Conflicting visions of romantic love
By Robert Jensen
Published in Philadelphia Inquirer · July, 2009
review of A Vindication of Love: Reclaiming Romance for the Twenty-First Century by Cristina Nehring
Cristina Nehring’s title marks the problem with her attempt to vindicate love and reclaim romance: Love needs no vindication, and we shouldn’t be eager to reclaim the vision of romance she offers – dark and dramatic, tortured and tragic, always a heroic individual endeavor. If humans are to survive and thrive in the 21st century, we will need a very different vision of love from Nehring’s.
Many, myself included, would agree with Nehring’s central point: There is something shallow and unfulfilling about the readily available, commodified sex so common in contemporary U.S. society, and something equally empty about the passionless paint-by-numbers relationships in which so many find themselves trapped.
The problem comes in her celebration of romance as constant, tumultuous, emotional struggle and tedious existential angst. Her prescription – to intensify the erotic charge in romance and sex by celebrating and intensifying the domination/subordination dynamic – is rooted in a misdiagnosis of the malady. Our warped sexual ethic derives directly from that dynamic, and we can’t save ourselves by deepening our attachment to patriarchy.
Perhaps the term patriarchy – the unequal share of power society accords to men and male concerns – may seem old-fashioned. It’s less commonly used than it once was to describe U.S. society, yet it remains useful: Men and male concerns still dominate the private and public spheres, and men’s violence enforces that domination in a rape culture. The very idea of domination can become “natural”: It can become accepted that society always will be hierarchical and that the best we can do is smooth off the rough edges and find our place.
Instead of eroticizing inequality, as Nehring suggests, there is no reason we can’t eroticize equality. Feminist movements have long argued for a cultural shift toward a sexuality based on an egalitarian spirit, which doesn’t rob us of passion but opens up new space for a different idea of passion.
Nehring regards feminism not as a social movement dedicated to the liberation that comes with the end of hierarchy and real equality, but rather as an impediment that mutes rather than enhances our emotional lives. She observes, correctly, that a woman’s reputation as a thinker can be tainted by “an erotically charged biography” in a way a man’s typically is not, but suggests that feminism, with its “antiromantic bias,” must share the blame along with patriarchy.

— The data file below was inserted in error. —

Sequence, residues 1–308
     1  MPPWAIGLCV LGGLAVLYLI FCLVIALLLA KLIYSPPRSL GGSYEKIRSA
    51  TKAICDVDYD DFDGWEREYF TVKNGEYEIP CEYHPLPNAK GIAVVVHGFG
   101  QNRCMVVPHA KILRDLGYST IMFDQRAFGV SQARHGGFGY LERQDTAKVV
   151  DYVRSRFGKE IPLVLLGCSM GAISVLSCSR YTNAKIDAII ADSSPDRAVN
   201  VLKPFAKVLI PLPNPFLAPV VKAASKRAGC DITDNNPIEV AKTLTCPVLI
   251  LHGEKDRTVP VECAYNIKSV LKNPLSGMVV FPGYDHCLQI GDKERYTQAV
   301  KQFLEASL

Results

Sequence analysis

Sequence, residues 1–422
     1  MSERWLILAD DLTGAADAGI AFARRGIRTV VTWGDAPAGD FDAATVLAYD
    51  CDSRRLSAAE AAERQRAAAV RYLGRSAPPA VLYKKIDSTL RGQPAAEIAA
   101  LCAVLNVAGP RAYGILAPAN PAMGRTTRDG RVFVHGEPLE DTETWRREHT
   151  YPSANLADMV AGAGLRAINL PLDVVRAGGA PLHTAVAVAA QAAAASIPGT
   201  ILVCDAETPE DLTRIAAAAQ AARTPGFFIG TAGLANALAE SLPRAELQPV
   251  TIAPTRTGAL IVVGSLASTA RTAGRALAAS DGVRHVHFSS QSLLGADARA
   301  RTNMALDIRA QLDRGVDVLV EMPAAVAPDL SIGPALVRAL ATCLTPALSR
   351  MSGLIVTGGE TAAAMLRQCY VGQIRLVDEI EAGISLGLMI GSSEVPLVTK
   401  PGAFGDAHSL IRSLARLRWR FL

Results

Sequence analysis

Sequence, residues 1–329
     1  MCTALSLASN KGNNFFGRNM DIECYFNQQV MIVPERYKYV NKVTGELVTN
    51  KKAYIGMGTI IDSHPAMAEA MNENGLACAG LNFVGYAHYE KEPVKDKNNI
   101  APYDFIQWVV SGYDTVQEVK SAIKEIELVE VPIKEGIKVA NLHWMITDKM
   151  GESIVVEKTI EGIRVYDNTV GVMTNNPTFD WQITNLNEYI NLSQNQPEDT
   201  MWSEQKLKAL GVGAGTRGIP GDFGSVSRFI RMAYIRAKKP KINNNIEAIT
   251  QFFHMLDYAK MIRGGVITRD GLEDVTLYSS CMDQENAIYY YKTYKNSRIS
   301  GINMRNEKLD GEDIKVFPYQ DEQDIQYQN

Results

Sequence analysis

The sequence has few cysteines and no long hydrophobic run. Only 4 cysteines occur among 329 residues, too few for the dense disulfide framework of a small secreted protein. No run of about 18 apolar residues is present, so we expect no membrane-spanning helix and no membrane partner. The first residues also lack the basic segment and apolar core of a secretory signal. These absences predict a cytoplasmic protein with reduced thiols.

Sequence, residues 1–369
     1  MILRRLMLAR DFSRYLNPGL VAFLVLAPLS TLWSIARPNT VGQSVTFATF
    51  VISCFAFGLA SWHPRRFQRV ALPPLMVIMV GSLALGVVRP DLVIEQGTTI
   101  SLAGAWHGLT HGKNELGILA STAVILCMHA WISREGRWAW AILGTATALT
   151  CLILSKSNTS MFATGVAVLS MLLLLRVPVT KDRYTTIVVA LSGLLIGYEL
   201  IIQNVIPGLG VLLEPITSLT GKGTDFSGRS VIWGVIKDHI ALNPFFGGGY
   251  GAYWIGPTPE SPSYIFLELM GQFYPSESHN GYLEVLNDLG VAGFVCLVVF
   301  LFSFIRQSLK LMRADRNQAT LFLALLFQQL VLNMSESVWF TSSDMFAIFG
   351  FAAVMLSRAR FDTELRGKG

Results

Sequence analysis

But let’s imagine a more radical feminism, one that rejects hierarchy and commits itself to real community – couldn’t that make possible a more meaningful kind of love? Nehring wants none of that political struggle; she insists on setting herself up as a heroic figure beyond politics who wants to lead us to a transcendental love and romance.
Although she draws most of her examples from literature, at the heart of Nehring’s book is a failure of imagination. After describing power discrepancies as having a “magnetic force,” as if they come from nature rather than human choices, she asserts that adult erotic relationships “thrive on inequalities of almost every ilk.” That is true enough in a patriarchal society, but such inequality is neither natural nor desirable. Nehring can’t seem to imagine life outside patriarchy’s hierarchy: “It is precisely equality that destroys our libidos, equality that bores men and women alike,” she writes. Trapped within such an ultimate victory of patriarchy, our imaginations atrophy and our choices narrow.
Nehring tries to package this capitulation as “transgression,” but it feels like empty macho posturing. “Real transgression takes guts,” she tells us, sounding like one of the guys in the locker room. This transgression transgresses nothing and, in fact, keeps us trapped. When the trap springs, the results are often brutal. Nehring offers us violent metaphors – “When we fall in love, we hand our partner a loaded gun” – but we should remember that the violence in relationships is often not metaphor but reality, with women most commonly the target.
On the book’s last page, Nehring reveals that she bears “the bodily scars of a loss or two in love,” including being “hospitalized by love.” No details are offered, and she is under no obligation to provide them. But throughout this book, Nehring’s own words contradict her thesis and hint that we should strive for something beyond her notion of love-as-heroic-quest. If such love is always tragic, maybe it’s time to reconstruct love and romance rooted in different values.
I suggest an alternative title: A Vindication of Love Grounded in Equality and Community: Reclaiming Life. Not as snappy, but it highlights key ideas that would help us sort out our emotional and erotic connection to others. Love is more than the meshing of bodies in sex. Love is more than the acceptance of conventional relationships. But striving for something more doesn’t have to mean glorifying domination and subordination, or accepting the brutality that flows from them.
There’s a sadness at the core of this book that tells us much about the ultimate emptiness of romance as Nehring envisions it. What we need is a new conception of love: we need to rethink the community within which love happens. What would love-as-the-eroticizing-of-equality look like in a society that was defined not by hierarchy but by justice? We may not know that from experience, but we can try to imagine it.